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Let’s talk about the humanitarian case for bitcoin — specifically, how it solves issues of government corruption and how it improves the effectiveness of foreign aid.

Starting in the mid to late 20th century, western countries began investing heavily in foreign aid. Over the past five decades, wealthy countries have donated more than $4 trillion to poorer countries, with 60% coming from governments and the rest coming from private NGOs, private companies and charitable foundations.

While this charity and showing of altruism is inspiring and does a lot of good, there are many obstacles in the distribution of aid that prevent it from fully achieving its goal.

The first big obstacle is that foreign aid is often distributed by corrupt, autocratic governments. These rulers roll money off the top, giving it to themselves, their friends, and patrons before giving it to their citizens.

The most brazen case of foreign aid corruption is that of the former president of the Congo, Mobutu Seko.

He stole foreign aid and bought several mansions across Europe and built an airport at his Congolese home, all while his citizens suffered in a deteriorating economy and abject poverty.

And in cases when money is not pilfered illegally, aid can be siphoned off slowly through vast bureaucratic middlemen.

Studies suggest that the leakage rate of foreign aid can range:

“In one Oxfam study, researchers could only verify that 7% of $28 million in U.S. aid meant for Ghana made it to its destination between 2013 and 2015.” - Alex Gladstein.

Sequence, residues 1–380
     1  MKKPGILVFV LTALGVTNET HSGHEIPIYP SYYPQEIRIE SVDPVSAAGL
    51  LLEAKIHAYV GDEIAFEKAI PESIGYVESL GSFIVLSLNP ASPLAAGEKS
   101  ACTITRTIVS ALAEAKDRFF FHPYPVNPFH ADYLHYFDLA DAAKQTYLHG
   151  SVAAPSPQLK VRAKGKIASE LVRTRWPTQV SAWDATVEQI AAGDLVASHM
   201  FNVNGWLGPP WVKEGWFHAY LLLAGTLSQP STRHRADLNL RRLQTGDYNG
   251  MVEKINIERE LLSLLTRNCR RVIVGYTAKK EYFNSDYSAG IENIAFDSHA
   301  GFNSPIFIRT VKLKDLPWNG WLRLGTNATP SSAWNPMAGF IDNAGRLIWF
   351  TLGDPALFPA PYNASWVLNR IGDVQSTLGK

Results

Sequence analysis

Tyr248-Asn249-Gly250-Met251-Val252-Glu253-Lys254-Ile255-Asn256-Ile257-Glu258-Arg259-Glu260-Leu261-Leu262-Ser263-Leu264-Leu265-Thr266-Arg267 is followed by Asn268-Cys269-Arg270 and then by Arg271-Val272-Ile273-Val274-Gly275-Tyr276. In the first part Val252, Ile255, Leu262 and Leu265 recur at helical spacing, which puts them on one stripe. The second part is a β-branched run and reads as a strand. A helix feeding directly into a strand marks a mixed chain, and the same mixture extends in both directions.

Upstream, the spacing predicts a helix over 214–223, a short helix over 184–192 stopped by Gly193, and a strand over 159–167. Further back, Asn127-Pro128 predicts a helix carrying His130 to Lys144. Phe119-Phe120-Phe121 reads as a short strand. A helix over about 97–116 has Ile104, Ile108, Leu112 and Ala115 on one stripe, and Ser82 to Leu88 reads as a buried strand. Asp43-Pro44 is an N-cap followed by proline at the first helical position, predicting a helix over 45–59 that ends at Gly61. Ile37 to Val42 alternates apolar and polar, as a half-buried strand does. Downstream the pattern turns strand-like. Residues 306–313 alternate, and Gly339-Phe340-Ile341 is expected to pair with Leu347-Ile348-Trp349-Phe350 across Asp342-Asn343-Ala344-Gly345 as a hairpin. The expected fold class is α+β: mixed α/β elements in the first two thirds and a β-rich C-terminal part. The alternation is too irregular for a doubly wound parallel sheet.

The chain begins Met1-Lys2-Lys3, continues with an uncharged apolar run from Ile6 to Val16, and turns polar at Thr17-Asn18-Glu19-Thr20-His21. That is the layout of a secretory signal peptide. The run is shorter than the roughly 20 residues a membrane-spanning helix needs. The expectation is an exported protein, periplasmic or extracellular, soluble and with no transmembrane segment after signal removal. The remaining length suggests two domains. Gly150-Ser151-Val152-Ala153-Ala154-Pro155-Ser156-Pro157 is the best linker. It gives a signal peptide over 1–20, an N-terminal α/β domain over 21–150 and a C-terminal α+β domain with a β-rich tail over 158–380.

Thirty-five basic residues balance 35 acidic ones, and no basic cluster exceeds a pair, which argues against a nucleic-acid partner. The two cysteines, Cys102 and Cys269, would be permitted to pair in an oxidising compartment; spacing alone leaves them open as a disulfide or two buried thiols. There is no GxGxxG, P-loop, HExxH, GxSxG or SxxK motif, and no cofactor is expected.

In other cases, some corrupt, dictatorial governments will block foreign aid, such as the case with countries like Venezuela. Recently, western countries like the United States were supplying aid to revolutionary groups in Venezuela, and in retaliation, the current regime blocked foreign aid to their citizens and shut down the banking system, preventing people from getting the resources they needed.


Well, Bitcoin cuts out the middleman when making transactions. With bitcoin, there is no need for governments or banks. When operating with fiat, money has to transfer between various governments and corporations before reaching the end recipient. And through every third party that handles the transaction, money is taken off the top and is exposed to possible theft. But when we use bitcoin, you can donate money directly to the end recipient peer-to-peer, with no middleman necessary. This is because of the blockchain. Whenever a transaction is made, it is recorded on the blockchain, which then can be accessed by the relevant parties. And the information on the blockchain is stored across a series of computers, keeping everything decentralized.

btc is a decentralized network

This decentralized, free system undermines the need for a middleman to manage transactions. As a result, it is impossible for corrupt foriegn governments to interfere with aid meant for the people. So, if you want to donate to the pro-democracy movement in Venezuela, you can do so with bitcoin, without having to worry about the current regime stealing your money.

While the idea of vast government corruption and bank account freezes seem out of the realm for most Americans and western populations, these are problems that billions of people around the world have to endure. Bitcoin is increasingly becoming a beacon of hope for freedom fighters and impoverished communities.